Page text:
A joint family in action

The work and school week in Nepal is Sunday through Friday with Saturday the day off. School starts at 10:00 for most of the children and goes until 4:00 pm. That does not leave a lot of time to play but the children make up for it on Saturdays. They played badminton one day, and it was fun to watch the intensity of some and the trial of learning for others.

Children here, as in any home environment, learn by doing, and all share responsibilities for daily chores. If I was upstairs at dinnertime, one of the children would come to tell me it was time to eat. Everyone took care of his or her own cleanup, without being asked. It was an impressive show of teamwork.

At each meal one or two of the children serves plates to the table.
After a meal, each child washes up, and puts plate and cup in the drying rack.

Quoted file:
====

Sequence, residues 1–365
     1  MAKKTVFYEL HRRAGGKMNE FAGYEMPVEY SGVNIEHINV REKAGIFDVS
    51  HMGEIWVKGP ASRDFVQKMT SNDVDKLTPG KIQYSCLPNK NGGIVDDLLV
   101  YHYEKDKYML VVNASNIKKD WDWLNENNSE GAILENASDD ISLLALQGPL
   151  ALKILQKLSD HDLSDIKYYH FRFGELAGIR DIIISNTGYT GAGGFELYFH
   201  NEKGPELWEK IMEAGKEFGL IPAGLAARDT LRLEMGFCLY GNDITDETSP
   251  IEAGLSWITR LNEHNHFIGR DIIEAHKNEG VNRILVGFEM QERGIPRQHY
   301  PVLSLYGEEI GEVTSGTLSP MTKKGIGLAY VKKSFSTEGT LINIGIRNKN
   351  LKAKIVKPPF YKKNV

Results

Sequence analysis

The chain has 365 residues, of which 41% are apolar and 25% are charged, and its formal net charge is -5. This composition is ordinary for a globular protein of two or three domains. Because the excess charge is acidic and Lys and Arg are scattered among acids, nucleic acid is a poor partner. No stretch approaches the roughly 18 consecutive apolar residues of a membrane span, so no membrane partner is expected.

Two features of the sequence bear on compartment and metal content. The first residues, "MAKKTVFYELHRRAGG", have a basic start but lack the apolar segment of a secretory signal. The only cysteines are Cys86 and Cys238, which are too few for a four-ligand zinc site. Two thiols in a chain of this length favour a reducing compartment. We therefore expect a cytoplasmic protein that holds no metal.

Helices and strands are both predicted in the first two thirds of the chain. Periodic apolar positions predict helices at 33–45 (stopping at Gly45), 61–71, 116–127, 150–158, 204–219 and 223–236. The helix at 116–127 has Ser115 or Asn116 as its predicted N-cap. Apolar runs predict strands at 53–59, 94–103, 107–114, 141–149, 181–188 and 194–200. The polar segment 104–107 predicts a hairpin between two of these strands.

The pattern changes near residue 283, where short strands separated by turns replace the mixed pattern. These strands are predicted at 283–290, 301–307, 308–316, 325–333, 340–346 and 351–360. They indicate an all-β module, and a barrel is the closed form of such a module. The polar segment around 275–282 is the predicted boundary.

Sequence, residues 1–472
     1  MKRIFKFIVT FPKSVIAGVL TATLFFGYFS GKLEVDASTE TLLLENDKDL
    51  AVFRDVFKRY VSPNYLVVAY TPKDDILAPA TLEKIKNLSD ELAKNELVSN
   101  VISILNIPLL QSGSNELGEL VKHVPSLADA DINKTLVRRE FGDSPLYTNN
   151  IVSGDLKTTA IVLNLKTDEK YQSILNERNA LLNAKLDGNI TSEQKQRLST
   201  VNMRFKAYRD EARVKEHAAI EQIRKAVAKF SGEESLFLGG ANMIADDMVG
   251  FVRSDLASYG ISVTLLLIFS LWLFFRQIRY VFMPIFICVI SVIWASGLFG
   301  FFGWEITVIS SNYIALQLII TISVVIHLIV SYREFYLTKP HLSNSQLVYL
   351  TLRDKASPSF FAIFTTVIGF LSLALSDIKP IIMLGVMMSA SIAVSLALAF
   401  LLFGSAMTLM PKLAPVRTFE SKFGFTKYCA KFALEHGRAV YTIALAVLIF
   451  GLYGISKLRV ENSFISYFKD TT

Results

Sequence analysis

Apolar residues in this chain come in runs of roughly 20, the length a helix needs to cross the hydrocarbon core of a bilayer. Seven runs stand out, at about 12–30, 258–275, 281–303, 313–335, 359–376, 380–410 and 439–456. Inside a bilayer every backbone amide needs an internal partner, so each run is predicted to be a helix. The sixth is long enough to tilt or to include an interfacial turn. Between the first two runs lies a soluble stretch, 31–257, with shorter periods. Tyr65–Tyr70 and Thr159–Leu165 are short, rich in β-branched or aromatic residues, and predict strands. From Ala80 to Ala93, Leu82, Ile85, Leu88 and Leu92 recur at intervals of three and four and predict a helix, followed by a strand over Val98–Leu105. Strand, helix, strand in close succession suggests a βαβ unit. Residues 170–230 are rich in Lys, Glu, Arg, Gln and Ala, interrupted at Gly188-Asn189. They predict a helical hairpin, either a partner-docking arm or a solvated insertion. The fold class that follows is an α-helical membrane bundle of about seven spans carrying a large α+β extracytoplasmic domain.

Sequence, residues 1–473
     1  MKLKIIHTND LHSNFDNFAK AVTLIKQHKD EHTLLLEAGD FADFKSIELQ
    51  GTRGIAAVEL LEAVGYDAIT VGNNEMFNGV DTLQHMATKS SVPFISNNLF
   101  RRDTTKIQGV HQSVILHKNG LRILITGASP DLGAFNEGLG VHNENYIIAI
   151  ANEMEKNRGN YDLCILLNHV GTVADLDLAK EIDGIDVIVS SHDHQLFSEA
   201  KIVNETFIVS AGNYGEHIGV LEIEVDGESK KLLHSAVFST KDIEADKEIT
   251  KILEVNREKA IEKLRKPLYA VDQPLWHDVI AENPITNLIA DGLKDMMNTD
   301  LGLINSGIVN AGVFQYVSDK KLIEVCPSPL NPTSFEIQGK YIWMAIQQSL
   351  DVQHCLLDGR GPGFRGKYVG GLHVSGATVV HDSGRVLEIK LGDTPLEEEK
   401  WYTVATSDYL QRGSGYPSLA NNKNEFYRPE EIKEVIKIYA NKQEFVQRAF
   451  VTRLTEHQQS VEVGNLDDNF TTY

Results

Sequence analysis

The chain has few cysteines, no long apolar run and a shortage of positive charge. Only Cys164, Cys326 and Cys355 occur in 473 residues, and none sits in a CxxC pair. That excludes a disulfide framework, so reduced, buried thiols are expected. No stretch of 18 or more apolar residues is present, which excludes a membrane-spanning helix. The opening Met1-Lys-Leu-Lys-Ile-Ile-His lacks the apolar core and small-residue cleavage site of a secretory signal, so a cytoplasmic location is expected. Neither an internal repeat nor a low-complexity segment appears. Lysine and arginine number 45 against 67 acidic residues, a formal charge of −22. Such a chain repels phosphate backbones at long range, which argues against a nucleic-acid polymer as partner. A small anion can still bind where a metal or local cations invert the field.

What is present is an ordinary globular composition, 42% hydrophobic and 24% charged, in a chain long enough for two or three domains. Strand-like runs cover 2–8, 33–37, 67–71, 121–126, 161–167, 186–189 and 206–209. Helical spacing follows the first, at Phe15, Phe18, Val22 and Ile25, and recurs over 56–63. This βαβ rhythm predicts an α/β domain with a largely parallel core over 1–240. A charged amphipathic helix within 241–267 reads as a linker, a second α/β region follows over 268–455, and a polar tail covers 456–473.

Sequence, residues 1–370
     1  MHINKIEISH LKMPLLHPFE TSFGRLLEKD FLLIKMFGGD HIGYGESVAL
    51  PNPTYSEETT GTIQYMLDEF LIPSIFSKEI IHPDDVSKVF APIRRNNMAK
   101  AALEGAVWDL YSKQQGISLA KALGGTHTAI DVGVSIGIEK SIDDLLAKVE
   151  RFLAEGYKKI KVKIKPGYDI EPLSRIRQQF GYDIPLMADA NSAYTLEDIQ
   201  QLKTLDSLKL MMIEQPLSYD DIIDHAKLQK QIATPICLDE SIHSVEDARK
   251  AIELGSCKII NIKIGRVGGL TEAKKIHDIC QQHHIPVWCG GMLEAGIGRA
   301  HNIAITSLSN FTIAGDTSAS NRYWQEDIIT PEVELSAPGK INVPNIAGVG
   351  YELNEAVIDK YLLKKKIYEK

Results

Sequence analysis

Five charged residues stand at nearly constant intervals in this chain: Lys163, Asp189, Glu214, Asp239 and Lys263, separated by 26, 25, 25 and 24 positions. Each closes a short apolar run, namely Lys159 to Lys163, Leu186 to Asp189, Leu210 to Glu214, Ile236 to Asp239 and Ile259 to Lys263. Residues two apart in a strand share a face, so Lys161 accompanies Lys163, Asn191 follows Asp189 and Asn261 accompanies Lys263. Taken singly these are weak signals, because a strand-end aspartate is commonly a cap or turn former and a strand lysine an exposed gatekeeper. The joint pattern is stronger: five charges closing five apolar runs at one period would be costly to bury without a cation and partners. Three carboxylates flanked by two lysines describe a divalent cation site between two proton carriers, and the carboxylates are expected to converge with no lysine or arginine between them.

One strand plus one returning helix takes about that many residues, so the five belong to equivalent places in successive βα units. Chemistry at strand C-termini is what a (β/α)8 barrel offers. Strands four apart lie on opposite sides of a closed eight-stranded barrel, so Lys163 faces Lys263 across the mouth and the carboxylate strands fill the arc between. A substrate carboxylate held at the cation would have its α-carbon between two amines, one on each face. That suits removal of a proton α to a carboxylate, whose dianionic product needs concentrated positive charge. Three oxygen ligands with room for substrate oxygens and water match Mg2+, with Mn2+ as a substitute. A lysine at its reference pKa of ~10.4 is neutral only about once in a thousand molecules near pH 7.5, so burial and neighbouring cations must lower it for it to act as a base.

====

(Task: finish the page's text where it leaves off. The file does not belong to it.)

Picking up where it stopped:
It took me some days to figure out why some dishes were washed in the sink, and some outside under a hose. Then I realized it was the younger – and shorter – children who were washing their dishes outside. The littlest ones could not reach the faucet in the sink!
The Sherpa Outdoor Orphan Home is in a suburban neighborhood of Kathmandu and is run as a typical Nepali household.
I have always thought of myself as tough, but these kids have me beat. In Nepal, shoes are left at the door, and the children in this household go barefoot in the house, seeming to not even notice the cold. In the winter, my feet would freeze doing that.
Saturday is bath day, with the youngest ones showering outside in the sun with barely warm water. You can see in their faces that the water is cool; if it were me, I would freeze solid.